I know some Word of Faith leaders would heartily deny that contemporary revelations are infallible truth to be equated with Scripture in their authority, but it is the essential impression necessarily conveyed by any claim to the 'gifts'.
Historically Christians have believed that the Bible is the only standard of faith and practice. Opposition to miracle working, tongue speaking cults has been based upon this high regard for Scripture. Our doctrine of Scripture gives us confidence in the unique authority and absolute sufficiency of Scripture whereby the Holy Spirit guides our minds into truth, directs our lives in this world, and brings us to satisfying heart-communication that God is not giving further revelation through propets today.
As the Westminster Confession of Faith so accurately states the view of most Protestants through the centuries -- 'The whole counsel of God, concerning all things necessary for his own glory, man's salvation, faith, and life, is either expressly set down in Scripture, or by good and necessary consequence may be deduced from Scripture: unto which nothing at any time is to be added, whether by new revelation of the Spirit, or tradition of men.' (Chapter 1, Article VI) - we believe that no futher revelation from God is to be expected. The Old Testament and New Testament are complete and sufficient for all our needs. The Bible alone is our authority!
'Word of Faith' enthusiasts are undermining confidence in the sufficency of Scripture. Direct revelation in prophecy and tongues is sought for edification. Some would deny that these new messages add anything to the existing canon of Scripture. They only receive direction as to what portion of God's Word should be called to the attention of the church at the moment. Or they only receive warnings of providential calamity. Or they only receive specific guidance in personal or church affairs. Nevertheless it is a fresh message from heaven which provides the desired guidance, not the Scriptures.
Charismatic/Word of Faith practice is a de facto denial of the sufficiency of Scripture. Neo-pentecostal enthusiasts are implying that the Bible is not able to make a man 'thoroughly furnished unto all good works' (2 Timothy 3:17). They are not simply seeking the Spirit's enlightenment in the study of God's Word. They are seeking an additional word from God, a further source of truth. For them the Bible is not enough. Expecting a new message from heaven, Charismatics believe that new prophets are abroad in the land today.
Even amongest those who have not reached that conclusion there is sometimes to be found an attitude towards miracles which amounts to a lack of confidence in God's Word. This may be seen, for instance, in Henry W. Frost's book Miraculous Healing. Discussing his expectation that miracles will increase, that Christ will manifest his deity and lordship in increasing measure through miracle-signs, including healings. `We are not to say, therefore, that the Word is sufficient. It is so to those who know and believe it; but it is not so to those who have never heard it, or who, having heard, have disbelieved it. To these persons, a dramatic appeal may have to be made, and on the plane where such will most easily be understood, namely, the physical. The missionary abroad, therefore, may have it in mind, in a case of the sickness of others, that God may choose to make him a miracle-worker.' (pp. 109-110).
Few adherents to modern miracle working by men have been so mild in their views as Dr. Frost. Yet here is an explicit denial of the sufficiency of Scripture for evangelism. It is to be feared that such attitudes run very deep within the entire 'charismatic revival.' Men have forgotten that it was our Lord who said, 'If they hear not Moses and the prophets, neither will they be persuaded, though one rose from the dead' (Luke 16:31). Many today go beyond Dr. Frost in seeking an additional word, not merely a fresh sign to make the Bible believable. But in either case there is a definite lack of confidence in God's holy Word.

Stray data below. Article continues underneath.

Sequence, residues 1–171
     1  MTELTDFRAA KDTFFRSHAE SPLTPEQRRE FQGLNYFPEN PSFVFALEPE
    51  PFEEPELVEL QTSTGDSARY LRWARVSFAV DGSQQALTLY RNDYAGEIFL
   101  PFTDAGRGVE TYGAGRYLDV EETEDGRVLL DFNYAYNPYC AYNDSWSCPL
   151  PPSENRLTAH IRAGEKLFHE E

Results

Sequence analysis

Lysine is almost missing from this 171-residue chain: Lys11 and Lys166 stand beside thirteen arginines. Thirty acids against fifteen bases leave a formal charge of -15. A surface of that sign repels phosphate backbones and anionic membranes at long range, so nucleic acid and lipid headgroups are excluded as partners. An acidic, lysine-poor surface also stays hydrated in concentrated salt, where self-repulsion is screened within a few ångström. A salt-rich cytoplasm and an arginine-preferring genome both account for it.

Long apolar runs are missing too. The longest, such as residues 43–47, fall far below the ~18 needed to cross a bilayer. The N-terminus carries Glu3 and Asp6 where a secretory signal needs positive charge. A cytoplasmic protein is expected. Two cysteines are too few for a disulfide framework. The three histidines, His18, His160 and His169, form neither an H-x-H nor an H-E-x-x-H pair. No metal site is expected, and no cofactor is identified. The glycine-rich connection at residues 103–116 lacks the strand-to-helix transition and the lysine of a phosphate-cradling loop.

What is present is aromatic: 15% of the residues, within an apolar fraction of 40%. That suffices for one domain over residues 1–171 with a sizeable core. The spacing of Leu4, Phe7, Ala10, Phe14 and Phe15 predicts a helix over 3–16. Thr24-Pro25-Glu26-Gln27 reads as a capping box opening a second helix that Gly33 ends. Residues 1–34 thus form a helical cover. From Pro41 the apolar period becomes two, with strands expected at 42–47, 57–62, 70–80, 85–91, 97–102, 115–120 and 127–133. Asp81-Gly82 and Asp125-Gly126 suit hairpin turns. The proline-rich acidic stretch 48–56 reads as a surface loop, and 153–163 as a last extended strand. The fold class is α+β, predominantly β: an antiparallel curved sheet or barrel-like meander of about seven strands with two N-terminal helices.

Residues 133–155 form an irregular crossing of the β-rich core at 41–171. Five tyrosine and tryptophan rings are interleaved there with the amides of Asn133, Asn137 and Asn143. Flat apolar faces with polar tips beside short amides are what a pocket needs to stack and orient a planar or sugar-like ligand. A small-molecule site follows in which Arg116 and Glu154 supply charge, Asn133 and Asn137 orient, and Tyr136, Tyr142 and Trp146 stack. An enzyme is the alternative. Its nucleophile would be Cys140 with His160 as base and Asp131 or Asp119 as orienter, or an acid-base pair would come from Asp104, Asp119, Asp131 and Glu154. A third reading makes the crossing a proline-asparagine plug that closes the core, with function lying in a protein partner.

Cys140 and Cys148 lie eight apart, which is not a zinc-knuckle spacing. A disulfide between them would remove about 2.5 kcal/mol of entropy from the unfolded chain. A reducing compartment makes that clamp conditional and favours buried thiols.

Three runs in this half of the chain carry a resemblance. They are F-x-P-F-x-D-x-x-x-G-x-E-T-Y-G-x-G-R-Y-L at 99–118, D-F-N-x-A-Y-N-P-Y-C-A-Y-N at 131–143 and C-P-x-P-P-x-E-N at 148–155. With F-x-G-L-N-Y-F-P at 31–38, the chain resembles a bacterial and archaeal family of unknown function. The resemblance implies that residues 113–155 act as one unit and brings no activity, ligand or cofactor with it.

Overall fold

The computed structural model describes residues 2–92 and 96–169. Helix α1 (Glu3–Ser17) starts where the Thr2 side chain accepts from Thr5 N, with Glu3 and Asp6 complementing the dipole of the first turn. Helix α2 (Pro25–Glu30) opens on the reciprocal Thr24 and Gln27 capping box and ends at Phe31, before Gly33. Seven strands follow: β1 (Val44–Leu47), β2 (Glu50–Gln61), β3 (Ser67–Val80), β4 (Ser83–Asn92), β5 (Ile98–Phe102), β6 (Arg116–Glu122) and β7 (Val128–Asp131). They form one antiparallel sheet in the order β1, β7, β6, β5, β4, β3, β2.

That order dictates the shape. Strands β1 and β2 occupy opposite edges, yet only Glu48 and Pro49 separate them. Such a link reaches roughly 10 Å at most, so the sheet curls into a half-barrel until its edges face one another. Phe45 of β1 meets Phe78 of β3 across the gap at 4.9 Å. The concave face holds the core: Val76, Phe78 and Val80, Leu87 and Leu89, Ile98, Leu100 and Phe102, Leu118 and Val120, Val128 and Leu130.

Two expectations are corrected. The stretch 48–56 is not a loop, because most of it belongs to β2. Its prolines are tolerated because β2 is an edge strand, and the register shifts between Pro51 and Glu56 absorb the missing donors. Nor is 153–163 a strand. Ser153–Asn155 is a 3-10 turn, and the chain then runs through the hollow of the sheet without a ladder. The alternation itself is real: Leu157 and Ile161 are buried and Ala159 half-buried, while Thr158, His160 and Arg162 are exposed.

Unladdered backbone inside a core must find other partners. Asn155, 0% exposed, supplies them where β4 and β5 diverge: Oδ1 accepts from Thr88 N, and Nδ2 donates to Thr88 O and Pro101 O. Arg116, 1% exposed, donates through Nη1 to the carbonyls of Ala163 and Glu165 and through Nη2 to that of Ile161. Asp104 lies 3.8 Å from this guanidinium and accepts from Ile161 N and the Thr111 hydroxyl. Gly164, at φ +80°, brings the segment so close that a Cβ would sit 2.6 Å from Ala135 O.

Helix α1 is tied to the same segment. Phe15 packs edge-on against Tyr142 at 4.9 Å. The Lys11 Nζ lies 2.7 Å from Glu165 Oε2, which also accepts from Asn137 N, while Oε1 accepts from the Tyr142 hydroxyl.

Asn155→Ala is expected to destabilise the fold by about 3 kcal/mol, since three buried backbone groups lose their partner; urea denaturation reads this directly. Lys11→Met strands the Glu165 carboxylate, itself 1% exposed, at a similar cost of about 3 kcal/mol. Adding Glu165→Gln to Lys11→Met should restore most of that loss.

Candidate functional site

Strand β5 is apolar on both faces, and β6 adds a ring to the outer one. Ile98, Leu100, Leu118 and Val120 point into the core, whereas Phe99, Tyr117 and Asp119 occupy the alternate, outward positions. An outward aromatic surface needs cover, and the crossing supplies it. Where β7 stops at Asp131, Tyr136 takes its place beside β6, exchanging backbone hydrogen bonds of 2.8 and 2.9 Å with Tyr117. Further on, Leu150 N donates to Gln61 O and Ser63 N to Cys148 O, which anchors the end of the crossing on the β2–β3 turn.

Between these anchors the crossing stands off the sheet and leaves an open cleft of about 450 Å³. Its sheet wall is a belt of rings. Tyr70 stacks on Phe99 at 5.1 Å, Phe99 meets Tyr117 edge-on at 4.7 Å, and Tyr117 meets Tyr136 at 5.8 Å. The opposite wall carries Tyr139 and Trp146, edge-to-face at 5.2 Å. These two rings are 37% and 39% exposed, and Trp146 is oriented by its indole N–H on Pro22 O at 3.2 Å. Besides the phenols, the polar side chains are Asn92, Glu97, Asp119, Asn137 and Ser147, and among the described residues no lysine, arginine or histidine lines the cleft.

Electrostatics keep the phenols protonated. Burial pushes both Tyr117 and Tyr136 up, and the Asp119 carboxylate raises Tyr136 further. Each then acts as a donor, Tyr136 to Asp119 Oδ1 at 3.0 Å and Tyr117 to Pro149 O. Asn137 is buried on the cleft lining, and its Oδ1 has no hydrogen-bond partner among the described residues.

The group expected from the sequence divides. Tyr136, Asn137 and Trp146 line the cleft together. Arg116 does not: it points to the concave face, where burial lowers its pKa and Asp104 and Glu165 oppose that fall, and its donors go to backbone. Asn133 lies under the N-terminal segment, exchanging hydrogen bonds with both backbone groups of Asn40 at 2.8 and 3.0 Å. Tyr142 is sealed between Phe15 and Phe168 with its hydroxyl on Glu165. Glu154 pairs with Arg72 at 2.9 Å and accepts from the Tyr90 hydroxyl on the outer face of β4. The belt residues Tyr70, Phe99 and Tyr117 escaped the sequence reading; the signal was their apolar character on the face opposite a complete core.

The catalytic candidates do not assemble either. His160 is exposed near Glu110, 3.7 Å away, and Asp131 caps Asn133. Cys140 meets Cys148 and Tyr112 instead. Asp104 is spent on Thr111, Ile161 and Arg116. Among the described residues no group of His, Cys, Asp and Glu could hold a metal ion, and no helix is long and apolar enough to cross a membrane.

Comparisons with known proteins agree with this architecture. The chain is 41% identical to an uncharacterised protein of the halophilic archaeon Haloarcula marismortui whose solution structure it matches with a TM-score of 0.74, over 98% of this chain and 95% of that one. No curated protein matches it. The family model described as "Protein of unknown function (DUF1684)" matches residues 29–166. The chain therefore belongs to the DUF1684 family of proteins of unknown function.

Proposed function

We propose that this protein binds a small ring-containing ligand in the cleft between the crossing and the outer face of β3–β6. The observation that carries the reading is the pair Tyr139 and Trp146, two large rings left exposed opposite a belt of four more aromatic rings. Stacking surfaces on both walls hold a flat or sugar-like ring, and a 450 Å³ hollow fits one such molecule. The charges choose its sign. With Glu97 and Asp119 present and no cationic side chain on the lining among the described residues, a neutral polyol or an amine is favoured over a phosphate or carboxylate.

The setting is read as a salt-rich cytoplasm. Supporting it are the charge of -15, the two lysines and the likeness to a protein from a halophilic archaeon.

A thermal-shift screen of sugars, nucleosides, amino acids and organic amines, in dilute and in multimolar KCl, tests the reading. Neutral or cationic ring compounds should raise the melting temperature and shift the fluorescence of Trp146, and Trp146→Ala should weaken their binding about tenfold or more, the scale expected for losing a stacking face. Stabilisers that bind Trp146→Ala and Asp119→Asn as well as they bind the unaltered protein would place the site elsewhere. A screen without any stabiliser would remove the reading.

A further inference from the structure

As is clearly evident, our Protestant forefathers drew their dogma directly from the New Testament. Hebrews 1:1-3 contrasts Old Testament prophecy with New Testament revelation. The comparison is intended to display the superiority of New Testament disclosures of truth. Old Testament truth was written at various times during a lengthy era of human history. There was a progressive unfolding of truth through many messengers who lived in widely distant centuries. Again, the Old Testament is marked by differing methods of communicating God's message to man. There were dreams, voices from heaven, angels speaking, etc.
All of this is in marked contrast with the new era of revelation into which we have entered. We have come to 'these last days'. In the first century A.D., when the Epistle to the Hebrews was written, the 'last days' had arrived. The contrast drawn between how the revelation will no more come gradually through centuries of unfolding, nor through a great host of messengers. As we shall see as we proceed, the revelation of these last days came in one generation; indeed it all came by one Person.
God's revelation of truth reached a glorious climax when Christ was on earth. 'God hath spoken unto us by his Son.' In the person of Jesus Christ revelation had been brought to completion with a dramatic suddenness. God's Son embodies all that the Father has to say to men. Nothing needful was held back for a later time. No greater revelation can be imagined. Christ is the ultimate truth and reveals it fully. He is the brightness of the Father's glory personified. All coverings are removed. He is the express image of the Father's Person - fully and perfectly revealed. He is the grand period or full stop at the conclusion of God's report to men. The passage breathes unreserved finality. Christ, the Son of God, is the grand finale of revelation.